Arranged Marriages: Not Evil After All?
Seth, now 32, is happily married with a two-year-old son, and has become an advocate of the principles of arranged marriage, which she suggests her own experience reflects. This does not mean that she supports the kind of marriage in which the parties are left without choice about whom they marry. Rather she believes that common backgrounds and shared values - which underpin the Asian tradition of arranged marriage - are more likely to lead to an enduring relationship than the chance meeting promoted so enticingly by Hollywood and a culture that clings to the notion of spontaneous romantic love.
What Seth argues in her book, First Comes Marriage, is that if you build the components of a marriage with care, love will grow. She cites her own parents, whose marriage was arranged in India and who have been together for 33 years, and she has developed her case by talking to more than 300 women whose marriages were arranged. According to Seth, the divorce rate for such unions is between 5 and 7 per cent (compared with a 40 per cent failure rate in the UK) and a 2005 study showed that over time couples in arranged marriages report high levels of happiness and satisfaction.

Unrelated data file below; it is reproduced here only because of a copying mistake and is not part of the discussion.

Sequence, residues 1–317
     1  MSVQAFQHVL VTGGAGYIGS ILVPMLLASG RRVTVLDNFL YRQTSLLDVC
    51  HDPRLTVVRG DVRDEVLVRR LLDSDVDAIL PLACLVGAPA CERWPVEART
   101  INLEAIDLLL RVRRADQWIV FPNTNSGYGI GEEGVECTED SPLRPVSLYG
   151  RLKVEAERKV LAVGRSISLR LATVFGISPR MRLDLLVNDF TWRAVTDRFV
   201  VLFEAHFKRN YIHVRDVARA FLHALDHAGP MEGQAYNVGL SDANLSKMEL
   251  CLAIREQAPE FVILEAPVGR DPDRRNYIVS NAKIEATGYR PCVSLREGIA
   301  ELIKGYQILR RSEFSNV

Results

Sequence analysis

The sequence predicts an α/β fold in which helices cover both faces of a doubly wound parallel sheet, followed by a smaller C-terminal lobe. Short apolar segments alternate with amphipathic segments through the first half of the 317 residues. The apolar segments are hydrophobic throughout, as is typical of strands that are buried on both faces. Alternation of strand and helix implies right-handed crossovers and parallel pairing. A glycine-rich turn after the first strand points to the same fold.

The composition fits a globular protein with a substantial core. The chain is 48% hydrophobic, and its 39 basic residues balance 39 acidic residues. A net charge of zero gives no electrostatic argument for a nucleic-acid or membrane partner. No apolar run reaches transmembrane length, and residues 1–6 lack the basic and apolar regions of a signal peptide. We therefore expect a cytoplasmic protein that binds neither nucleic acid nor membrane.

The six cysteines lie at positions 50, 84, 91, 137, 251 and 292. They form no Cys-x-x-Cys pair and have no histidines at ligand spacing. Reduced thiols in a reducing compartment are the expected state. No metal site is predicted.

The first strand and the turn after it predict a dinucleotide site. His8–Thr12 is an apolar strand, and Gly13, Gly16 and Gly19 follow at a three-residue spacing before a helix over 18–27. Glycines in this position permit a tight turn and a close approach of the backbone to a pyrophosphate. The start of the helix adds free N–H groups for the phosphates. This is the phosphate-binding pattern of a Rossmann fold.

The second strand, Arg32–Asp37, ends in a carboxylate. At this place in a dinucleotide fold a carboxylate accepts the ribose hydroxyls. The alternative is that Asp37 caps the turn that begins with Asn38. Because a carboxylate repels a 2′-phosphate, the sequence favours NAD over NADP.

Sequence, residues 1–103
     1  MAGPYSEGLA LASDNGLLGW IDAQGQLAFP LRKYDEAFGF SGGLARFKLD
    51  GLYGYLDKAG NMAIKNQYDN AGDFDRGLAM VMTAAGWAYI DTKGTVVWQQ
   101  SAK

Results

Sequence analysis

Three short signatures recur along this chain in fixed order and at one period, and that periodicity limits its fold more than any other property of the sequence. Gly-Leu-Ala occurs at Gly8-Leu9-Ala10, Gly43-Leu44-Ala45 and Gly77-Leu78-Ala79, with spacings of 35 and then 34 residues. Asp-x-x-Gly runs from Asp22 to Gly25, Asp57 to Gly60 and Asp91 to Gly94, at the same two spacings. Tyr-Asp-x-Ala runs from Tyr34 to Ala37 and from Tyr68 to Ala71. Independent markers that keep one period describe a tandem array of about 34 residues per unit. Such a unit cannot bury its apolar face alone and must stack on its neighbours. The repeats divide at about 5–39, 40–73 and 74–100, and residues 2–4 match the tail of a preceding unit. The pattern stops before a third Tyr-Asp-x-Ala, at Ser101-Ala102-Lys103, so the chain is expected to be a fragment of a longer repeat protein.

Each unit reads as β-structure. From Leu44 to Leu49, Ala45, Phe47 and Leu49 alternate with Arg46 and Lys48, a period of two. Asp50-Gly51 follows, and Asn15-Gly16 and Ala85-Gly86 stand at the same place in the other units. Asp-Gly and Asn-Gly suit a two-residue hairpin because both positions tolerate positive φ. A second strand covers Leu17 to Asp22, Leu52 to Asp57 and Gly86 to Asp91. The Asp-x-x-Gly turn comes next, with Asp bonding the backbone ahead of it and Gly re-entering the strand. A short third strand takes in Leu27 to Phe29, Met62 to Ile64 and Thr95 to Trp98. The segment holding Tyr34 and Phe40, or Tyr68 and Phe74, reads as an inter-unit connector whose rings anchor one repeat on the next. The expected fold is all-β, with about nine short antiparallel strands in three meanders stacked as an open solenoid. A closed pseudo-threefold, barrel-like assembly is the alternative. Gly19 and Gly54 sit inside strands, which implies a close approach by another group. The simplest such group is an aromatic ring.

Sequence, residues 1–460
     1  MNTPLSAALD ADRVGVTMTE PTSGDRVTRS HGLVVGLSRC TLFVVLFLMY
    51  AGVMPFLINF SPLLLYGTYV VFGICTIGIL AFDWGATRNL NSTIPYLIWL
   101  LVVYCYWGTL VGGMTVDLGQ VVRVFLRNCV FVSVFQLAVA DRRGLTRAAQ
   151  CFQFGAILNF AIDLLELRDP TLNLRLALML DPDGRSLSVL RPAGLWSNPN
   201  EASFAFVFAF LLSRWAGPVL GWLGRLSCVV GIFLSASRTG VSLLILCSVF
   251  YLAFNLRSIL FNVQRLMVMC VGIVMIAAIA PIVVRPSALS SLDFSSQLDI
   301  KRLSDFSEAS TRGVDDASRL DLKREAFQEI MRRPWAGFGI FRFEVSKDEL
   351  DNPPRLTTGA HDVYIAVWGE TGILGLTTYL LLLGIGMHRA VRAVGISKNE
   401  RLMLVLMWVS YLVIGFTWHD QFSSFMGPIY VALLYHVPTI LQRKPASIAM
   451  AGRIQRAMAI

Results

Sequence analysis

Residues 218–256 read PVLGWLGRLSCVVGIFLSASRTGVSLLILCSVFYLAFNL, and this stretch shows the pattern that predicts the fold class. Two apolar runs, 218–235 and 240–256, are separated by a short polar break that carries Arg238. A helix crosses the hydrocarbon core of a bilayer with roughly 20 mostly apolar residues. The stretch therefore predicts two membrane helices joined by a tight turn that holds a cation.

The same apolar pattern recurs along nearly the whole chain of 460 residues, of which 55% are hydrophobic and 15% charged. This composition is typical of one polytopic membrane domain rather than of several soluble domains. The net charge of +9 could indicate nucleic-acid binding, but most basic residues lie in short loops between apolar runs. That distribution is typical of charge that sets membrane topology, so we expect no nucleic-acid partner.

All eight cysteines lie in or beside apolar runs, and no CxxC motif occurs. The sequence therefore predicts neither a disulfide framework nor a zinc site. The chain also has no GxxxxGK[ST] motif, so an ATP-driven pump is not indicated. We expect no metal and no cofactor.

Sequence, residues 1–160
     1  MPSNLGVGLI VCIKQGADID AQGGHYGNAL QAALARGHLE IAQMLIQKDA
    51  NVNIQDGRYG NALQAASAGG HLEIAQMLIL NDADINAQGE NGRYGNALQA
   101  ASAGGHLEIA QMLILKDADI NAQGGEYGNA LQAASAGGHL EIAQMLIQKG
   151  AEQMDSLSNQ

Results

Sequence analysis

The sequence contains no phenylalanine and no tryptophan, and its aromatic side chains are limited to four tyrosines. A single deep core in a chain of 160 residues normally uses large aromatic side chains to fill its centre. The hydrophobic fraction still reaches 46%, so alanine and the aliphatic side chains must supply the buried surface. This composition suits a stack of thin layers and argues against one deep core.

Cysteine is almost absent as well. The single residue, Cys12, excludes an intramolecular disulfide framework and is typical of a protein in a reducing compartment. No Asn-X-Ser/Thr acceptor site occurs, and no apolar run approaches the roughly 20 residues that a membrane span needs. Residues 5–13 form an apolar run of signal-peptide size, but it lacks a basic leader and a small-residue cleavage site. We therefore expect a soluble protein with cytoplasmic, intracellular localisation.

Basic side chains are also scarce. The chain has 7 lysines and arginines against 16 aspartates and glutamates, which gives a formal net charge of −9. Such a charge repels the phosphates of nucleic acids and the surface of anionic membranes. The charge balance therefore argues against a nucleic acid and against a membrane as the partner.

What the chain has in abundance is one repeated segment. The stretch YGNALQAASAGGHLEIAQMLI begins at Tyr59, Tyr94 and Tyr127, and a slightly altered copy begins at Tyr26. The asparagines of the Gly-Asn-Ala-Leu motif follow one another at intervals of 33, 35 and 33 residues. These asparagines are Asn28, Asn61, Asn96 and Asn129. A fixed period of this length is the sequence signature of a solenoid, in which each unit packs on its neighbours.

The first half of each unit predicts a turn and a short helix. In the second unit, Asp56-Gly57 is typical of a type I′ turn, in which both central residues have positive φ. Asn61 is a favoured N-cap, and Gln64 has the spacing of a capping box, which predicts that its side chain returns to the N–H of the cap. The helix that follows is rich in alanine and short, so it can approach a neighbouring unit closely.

It makes sense: have wise elders pick someone who is compatible, and learn to love them later.
It's heresy to suggest anything decreasing individual autonomy in the West, such as that love isn't a mystical process. It's a strong friendship, with respect and sexual attraction.
So we flog on with miserable marriages, multiple divorces, and having to get used to our partners screaming out the wrong name during orgasm. A society of sluts, we take that same sexual insincerity and apply it to everything else. And we justify it in the name of sex being fun, etc.
It makes more sense to look at what works.